Wouldn't this sentence be more appropriately translated to "Have you seen her?" I know it is essentially the same, but the double standards from duo sometimes confuse me.
Or am I wrong?
Caveat emptor: not a native speaker. But I believe you are correct, that would be the strict translation of the present perfect.
However it is apparently customary in spoken German to use the present perfect in place of what English speakers call the simple past tense, cf. the last paragraph of http://german.about.com/library/verbs/blverb_past.htm
So this sentence means the same thing as the more technically accurate "Saht ihr sie?"
What makes the "sie" in this sentence "her" rather than "them"? My answer was "Have you seen them?"
Yeah, wouldnt that have to be determined by context, so without it both would be accepted
I would like to understand this sentence better. I wrote "She has seen them" and it was wrong. Maybe someone can make it clearer to me how the pronouns are working in this one? Thank you.
Yes -- in a question like this, the verb is (almost?) always followed by the subject.
A bit as in English, where we might say "Does she know him?" but never(?) "Does him she know?".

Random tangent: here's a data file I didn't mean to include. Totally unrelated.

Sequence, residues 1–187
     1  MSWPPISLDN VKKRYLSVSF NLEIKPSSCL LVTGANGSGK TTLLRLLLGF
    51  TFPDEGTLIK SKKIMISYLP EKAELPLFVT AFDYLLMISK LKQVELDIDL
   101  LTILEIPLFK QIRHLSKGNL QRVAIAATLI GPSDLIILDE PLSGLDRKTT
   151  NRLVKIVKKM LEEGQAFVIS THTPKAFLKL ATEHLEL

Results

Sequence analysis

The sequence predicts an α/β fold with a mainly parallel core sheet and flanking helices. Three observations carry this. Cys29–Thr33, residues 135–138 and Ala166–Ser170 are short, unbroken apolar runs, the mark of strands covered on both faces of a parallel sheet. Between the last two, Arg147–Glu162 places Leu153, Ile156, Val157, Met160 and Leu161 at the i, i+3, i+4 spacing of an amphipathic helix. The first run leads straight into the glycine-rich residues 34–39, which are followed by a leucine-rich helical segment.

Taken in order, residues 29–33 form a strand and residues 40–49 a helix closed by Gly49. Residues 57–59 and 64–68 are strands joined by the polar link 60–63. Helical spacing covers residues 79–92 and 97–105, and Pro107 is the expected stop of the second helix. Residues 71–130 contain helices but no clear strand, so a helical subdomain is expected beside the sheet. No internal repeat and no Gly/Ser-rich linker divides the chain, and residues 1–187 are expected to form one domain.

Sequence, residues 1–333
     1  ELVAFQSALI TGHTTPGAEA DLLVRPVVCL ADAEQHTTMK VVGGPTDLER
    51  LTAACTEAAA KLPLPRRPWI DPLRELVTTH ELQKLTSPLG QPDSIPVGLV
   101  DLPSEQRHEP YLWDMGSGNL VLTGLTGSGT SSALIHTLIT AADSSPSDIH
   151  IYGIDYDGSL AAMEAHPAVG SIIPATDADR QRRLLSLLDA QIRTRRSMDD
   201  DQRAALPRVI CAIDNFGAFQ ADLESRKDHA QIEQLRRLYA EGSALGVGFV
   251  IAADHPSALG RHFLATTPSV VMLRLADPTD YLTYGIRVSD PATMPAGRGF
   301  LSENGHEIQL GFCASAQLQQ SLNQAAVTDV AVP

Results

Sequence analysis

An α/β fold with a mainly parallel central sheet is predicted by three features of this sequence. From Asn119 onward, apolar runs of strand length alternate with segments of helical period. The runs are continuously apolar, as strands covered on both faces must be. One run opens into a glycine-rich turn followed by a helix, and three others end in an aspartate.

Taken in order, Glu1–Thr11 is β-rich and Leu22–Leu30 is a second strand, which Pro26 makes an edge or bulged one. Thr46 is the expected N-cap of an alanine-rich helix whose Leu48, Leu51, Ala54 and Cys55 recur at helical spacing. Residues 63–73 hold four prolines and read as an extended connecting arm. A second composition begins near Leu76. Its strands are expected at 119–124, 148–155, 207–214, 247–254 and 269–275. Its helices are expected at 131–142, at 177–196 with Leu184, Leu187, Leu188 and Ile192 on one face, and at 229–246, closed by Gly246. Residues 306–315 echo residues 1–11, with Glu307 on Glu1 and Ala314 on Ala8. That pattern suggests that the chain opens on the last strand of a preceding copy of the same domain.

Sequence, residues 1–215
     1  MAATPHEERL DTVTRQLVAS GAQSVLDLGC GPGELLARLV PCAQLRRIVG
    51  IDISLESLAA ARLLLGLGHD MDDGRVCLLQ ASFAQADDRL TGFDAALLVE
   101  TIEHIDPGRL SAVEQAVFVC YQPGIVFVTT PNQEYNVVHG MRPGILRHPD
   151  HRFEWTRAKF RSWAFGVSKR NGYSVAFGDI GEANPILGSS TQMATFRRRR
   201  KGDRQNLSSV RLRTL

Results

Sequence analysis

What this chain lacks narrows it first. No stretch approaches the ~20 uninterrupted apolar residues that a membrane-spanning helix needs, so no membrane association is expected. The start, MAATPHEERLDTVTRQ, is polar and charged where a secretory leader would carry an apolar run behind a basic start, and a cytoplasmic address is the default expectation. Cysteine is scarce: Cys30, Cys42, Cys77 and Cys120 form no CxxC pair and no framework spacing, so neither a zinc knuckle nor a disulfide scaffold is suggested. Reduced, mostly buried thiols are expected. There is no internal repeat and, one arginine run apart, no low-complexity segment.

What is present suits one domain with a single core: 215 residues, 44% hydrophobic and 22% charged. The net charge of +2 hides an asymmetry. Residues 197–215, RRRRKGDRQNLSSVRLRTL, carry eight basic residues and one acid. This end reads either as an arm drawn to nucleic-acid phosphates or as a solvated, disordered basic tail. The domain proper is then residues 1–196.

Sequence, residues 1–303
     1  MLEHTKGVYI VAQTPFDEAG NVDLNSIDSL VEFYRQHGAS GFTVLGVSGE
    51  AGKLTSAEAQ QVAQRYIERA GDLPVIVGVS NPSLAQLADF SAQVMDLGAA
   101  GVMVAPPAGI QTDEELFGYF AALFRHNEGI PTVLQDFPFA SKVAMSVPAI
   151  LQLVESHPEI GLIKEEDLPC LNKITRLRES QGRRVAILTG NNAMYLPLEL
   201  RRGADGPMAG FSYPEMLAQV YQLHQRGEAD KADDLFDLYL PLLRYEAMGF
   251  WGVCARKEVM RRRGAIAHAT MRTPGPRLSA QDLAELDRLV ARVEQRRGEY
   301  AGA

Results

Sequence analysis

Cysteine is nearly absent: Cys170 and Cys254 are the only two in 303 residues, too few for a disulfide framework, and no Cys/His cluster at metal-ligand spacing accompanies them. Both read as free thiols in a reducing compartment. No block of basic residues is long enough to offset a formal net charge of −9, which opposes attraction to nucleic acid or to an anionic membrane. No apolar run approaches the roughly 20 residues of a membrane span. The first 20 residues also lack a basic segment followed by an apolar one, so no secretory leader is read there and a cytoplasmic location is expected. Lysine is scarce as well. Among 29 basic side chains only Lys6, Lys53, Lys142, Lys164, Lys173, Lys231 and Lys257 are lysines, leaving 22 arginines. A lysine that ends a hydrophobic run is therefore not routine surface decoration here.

So the subject ihr comes first, then the object sie.
(And pay attention to the capitalisation -- this sentence uses sie, not Sie!)
No, that is not correct.
The definite article "the" in "the correct translation" implies that there is exactly one translation, and that is not true.
"Have you seen her?" and "Did you see her?" are both correct translations of Hast du sie gesehen?.
"Have you seen them?" and "Did you see them?" are further correct translations.
The usage of the German Perfekt tense is not the same as that of the English present perfect tense, but is wider. Saying that German Perfekt corresponds only to English present perfect is incorrect.
I agree that both translations ()Indeed, all four) are accurate. It may help some participants to know that Did you see here? is more frequent in the US, and Have you seen her? in the UK, in the context of this sentence and similar ones.